A targeted immigration approach

The native UK construction workforce is ageing and hundreds of thousands will retire in the next few years. So, as Arcadis partner Richard Jones argues, we will need Brexit negotiations to allow skilled immigrant labour to come to these shores to build

As conference season kicks in this spring, I feel a sense of optimism within the residential sector. At the CIH gathering in Brighton I did not bump into anyone who did not tell me how busy they were and how much work there seems to be around.

Although the Brighton conference is very much aimed at London and the south east, I am still hearing similar reports from my other UK offices including Manchester, Birmingham and Bristol. The question, I suppose, is whether this is a pre-Brexit bubble or the beginning of a more structural change in the residential sector that perhaps, at last, is beginning to address the significant shortfall in housing numbers.

Pragmatic solutions
Although I agree with most commentators that the government’s White Paper was short on pragmatic solutions, I am pleased that it does establish a much more strategic framework for increasing housing numbers that recognises that there is no “silver bullet” and that the industry must use all of the levers available to provide a much more comprehensive solution to housing delivery. In particular a multi-tenure approach seems to be at the heart of government thinking. This is a major change from the approach of successive governments in the recent past.

When Brexit is talked about it seems the topic of migrant labour always appears as the main area of concern. This should be no surprise when considered against the existing backdrop of a constrained supply chain that has been struggling to cope with the current levels of delivery, which of course needs to be increased substantially. The negotiations have not even begun yet on Brexit, but uncertainty about migrant UK status and the increased control at the UK borders is beginning to give some housebuilders sleepless nights. Two of the largest housebuilders in London told me recently that they have a labour workforce of more than 75% migrant labour. The question of repatriation of key workers therefore becomes a key issue for them. Outside of London it is less of a problem.

One of the things that I have reported on recently has been the approach to risk management for housebuilders which majors on retaining its current supply chain, the concern being if they lose it they will not get it back. This position is made even worse if that loss is not to another competitor but a loss of labour out of the country.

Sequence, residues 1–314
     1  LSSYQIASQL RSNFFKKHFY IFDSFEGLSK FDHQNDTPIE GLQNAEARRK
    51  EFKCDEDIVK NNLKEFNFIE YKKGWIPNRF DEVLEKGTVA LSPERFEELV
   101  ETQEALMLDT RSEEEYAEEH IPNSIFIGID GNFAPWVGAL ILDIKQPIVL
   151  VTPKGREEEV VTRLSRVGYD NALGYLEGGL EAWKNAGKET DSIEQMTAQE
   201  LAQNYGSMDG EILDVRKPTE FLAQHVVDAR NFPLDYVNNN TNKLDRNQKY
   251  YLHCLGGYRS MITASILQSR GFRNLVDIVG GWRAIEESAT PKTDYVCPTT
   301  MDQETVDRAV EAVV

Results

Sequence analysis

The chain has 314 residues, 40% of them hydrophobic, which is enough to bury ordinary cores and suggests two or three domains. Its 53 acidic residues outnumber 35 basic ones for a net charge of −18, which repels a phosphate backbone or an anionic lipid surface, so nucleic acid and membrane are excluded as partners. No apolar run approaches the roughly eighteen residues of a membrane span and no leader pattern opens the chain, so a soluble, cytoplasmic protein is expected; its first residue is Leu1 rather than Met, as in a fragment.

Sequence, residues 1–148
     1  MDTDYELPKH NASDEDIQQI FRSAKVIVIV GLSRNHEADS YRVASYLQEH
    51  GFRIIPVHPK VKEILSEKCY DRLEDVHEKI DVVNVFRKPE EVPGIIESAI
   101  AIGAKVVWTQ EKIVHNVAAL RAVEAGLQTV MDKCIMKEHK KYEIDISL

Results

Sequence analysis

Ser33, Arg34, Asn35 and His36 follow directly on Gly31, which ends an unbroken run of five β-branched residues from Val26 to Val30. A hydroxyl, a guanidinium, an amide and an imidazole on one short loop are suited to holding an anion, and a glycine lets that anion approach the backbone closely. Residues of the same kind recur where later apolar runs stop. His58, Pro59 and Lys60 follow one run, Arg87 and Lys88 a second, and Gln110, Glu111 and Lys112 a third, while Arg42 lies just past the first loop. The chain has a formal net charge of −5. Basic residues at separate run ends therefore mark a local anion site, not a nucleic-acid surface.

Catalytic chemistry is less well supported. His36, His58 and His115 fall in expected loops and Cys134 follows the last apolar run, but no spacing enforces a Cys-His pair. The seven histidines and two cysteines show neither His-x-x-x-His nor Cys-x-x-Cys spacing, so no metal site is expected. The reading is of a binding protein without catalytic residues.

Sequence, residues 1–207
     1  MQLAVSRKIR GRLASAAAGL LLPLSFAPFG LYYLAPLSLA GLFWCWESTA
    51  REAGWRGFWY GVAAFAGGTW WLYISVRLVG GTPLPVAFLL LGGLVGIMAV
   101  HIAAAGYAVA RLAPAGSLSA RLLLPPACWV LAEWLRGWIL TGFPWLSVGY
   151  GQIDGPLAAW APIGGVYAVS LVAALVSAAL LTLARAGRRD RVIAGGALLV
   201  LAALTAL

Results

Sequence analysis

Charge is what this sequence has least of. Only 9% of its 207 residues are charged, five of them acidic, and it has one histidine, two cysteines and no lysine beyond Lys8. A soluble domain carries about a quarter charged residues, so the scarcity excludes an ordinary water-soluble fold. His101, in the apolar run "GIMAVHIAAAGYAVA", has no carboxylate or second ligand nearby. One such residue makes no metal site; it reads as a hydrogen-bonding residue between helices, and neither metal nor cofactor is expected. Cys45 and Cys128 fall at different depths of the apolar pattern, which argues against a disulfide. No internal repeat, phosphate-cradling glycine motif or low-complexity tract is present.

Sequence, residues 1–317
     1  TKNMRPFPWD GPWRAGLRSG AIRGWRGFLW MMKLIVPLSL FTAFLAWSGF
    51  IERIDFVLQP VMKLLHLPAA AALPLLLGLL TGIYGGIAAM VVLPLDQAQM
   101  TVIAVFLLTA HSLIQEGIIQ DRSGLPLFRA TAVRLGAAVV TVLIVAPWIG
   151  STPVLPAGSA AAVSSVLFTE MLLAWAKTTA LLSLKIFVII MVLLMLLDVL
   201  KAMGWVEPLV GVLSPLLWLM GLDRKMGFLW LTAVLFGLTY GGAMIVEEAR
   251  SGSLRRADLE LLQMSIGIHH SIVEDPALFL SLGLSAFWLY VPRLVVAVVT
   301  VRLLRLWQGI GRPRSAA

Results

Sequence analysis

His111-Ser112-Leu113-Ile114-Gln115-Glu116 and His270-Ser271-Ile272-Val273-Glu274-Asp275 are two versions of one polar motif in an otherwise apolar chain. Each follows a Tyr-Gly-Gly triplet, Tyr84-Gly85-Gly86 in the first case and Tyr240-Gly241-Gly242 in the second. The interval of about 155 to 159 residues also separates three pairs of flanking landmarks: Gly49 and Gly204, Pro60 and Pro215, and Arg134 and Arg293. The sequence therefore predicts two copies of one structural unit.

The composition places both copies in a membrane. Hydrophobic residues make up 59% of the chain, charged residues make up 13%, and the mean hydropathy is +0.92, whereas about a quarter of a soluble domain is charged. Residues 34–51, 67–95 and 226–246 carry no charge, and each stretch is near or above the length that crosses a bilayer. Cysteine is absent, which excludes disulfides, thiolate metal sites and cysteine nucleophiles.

When we look at the demographic of the current construction labour force we can see that there is already a major problem with the structure of the industry. More than 50% of the UK construction force is over 40 years old*. The age of UK nationals working in construction currently peaks at 50-54 years old whereas that of EU and other nationals peaks between 25–35 years old*. This provides a stark warning that there is a significant number of the UK born workforce closing in on retirement that potentially leads to a loss of between 500,000 to 750,000 workers in the next ten years. Migration therefore becomes an important part of any wider strategy to provide the appropriate response to this looming problem.

Construction will be lobbying government hard to ensure a sensible approach to the control of UK borders and the need for attracting properly qualified migrant labour to underpin what they have labelled as a major infrastructure requirement to underpin the wider economy – in other words, housing. The current posturing around the status of EU nationals within the UK is causing concern and uncertainty, however it can only be a negotiating ploy. There surely can be no real intention to repatriate large swathes of the UK’s essential workforce – it would destroy the economy. In addition, the rhetoric behind immigration has, I believe, been largely misunderstood. I do not know anyone that I have talked to who was anti-immigration per se – it was always the control of immigration that was the concern. Therefore a targeted immigration policy that still allows the controlled movement of labour, focused on an essential workforce that maintains economic prosperity, is the likely outcome of the much anticipated Brexit negotiations. The construction industry must obviously feature quite highly in any considerations and allocation of numbers.

Although this uncertainty does not do too much to underpin confidence, I believe that if we do get this approach to immigration right it could, by the adoption of a much more focused policy of attracting the most appropriate labour to the UK, help to fix what has been a growing structural problem in the construction labour force.

* (Source: Labour Force Survey, compiled by Brickonomics)

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